9. The computer-readable recording medium according to claim 8, wherein the outputting includes outputting a delay distribution representing overall delay of the target circuit as the delay analysis result using the within-die delay distribution and the die-to-die delay distribution that remain stored in the delay distribution aggregation to calculate the delay distribution.
10. The computer-readable recording medium according to claim 1, further causing a computer to execute:
setting the threshold value,
wherein at the judging it is judged whether the effect index is equal to or greater the threshold value set at the setting.
11. A delay analysis apparatus that analyzes delay in a target circuit having a plurality of paths using within-die delay distributions and die-to-die delay distributions thereof, wherein each within-die delay distribution is based on circuit element performances of all circuit elements in each path and each die-to-die delay distribution is based on a mutual correlation between the circuit elements, the delay analysis apparatus comprising:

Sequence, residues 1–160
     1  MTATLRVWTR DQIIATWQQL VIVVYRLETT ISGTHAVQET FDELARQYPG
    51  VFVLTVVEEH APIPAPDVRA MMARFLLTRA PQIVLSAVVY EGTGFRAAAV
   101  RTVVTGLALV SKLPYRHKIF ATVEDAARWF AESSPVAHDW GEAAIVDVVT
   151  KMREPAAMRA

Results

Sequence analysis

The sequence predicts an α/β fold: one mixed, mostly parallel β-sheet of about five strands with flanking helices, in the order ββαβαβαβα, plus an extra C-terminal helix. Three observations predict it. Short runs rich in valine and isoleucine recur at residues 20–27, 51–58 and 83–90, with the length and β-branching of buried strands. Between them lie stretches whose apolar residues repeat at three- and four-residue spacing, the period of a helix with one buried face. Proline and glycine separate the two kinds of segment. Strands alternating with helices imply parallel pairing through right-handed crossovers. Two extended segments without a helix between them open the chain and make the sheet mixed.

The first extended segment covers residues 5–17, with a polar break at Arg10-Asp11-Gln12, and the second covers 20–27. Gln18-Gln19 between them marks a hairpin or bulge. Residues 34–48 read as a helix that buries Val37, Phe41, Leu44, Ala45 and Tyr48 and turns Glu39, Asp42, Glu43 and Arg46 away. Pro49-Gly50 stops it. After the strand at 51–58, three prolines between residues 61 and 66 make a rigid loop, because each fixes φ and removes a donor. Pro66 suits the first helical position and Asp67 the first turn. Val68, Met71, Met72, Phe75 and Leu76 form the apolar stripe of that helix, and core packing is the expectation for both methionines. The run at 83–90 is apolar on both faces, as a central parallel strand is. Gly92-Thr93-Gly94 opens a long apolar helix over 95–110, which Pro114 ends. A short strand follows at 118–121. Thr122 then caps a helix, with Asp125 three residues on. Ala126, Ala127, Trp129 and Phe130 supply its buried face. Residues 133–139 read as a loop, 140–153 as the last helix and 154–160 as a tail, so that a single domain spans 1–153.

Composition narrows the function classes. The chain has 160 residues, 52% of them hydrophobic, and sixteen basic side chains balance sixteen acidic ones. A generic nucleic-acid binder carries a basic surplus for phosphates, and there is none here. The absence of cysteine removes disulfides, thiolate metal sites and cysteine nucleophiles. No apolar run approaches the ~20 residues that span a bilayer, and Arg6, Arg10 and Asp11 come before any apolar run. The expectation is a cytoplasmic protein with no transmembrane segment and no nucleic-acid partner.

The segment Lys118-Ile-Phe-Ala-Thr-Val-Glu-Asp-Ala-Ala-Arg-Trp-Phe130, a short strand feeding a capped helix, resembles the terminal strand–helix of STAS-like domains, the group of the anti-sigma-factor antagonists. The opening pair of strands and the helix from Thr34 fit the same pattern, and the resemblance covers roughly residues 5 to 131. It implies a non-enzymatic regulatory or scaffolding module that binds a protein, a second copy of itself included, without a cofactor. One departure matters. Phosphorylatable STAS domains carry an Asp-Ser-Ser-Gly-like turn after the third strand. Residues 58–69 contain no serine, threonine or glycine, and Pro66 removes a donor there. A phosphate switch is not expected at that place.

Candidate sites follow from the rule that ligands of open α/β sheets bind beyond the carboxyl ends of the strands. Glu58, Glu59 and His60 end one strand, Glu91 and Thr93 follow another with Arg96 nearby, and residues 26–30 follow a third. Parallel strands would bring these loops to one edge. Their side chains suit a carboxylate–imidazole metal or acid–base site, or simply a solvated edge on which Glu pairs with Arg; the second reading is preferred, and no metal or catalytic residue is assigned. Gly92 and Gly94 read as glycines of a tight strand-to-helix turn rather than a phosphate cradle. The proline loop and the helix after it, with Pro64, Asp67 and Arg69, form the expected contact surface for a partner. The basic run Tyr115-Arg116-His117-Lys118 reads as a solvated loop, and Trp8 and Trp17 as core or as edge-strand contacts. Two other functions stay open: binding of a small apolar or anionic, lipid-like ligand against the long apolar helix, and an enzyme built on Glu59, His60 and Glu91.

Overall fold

an extracting unit that extracts the within-die delay distributions and the die-to-die delay distributions of two paths from a delay distribution aggregation;
an effect index calculating unit that calculates an effect index indicative of a relative error of an overall path delay distribution of one path and an overall path delay distribution of an integrated path formed by the two paths, based on the within-die delay distributions and the die-to-die delay distributions of the two paths;
a judging unit that judges whether the effect index is equal to or greater than a threshold value; and
an overall path delay distribution calculating unit that calculates the overall path delay distribution of the integrated path based on a judgment result of the judging unit.
12. The delay analysis apparatus according to claim 11, wherein the effect index calculating unit uses statistics of the within-die delay distribution and of the die-to-die delay distribution of the one path and statistics of the within-die delay distribution and of the die-to-die delay distribution of the other path to calculate the effect index.